Referral patterns for common amblyogenic conditions

Mrunalini Parvataneni, Stephen P. Christiansen, Allison A. Jensen, C. Gail Summers

Research output: Contribution to journalArticlepeer-review

6 Scopus citations


Purpose: The early detection and management of common pediatric ophthalmic problems is crucial to assure successful visual maturation and best potential for development of binocular vision. The referring physician plays a pivotal role in this process. This study was designed to investigate the prevailing referral patterns for common amblyogenic conditions in a defined geographic region. Methods: We sent a short questionnaire to 300 pediatricians and 1500 family practitioners (FPs) in Minnesota, asking them to use a multiple choice system to indicate how long after diagnosis they would wait before referring a child to an ophthalmologist for exotropia, esotropia, ptosis, nystagmus, and abnormal red reflex. Results: The response rate was 46.9% (n = 117) for pediatricians and 17.9% (n = 240) for FPs. Of respondents, 64.6% of pediatricians and 50.2% of FPs would refer patients with exotropia within 2 months of diagnosis (P < 0.001). For esotropia, 58.8% of pediatricians would refer within 2 months, while 38.6% would wait up to 12 months. In comparison, 48.7% of FPs would refer sooner, while 47.9% would refer later. These differences in referral patterns for pediatricians and FPs were statistically significant (P = 0.037). There was less variation for referral of ptosis, nystagmus, and abnormal red reflex. These referral patterns were unaffected by years in practice. Conclusions: Pediatricians referred patients with strabismus significantly more promptly than FPs. The majority of primary care providers (PCPs) appropriately timed their referrals for these amblyogenic conditions. However, many children continue to be referred late, underscoring the need for continued education of PCPs.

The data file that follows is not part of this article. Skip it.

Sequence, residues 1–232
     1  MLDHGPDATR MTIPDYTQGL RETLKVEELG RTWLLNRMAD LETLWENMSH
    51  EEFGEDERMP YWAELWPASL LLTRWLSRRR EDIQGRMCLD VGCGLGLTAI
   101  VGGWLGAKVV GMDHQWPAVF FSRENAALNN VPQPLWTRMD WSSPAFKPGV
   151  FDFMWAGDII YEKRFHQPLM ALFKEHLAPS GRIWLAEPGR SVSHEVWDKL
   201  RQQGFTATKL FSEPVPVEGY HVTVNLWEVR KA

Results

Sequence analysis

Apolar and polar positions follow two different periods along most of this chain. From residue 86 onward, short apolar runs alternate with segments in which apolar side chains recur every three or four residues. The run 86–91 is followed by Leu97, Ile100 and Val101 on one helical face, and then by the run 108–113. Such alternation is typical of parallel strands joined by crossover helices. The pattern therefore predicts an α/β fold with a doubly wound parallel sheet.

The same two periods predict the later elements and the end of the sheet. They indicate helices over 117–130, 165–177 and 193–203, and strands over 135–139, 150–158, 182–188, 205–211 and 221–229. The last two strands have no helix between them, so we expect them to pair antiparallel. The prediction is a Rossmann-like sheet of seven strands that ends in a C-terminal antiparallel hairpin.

Original languageEnglish (US)
Pages (from-to)22-25
Number of pages4
JournalJournal of AAPOS
Issue number1
StatePublished - Feb 2005


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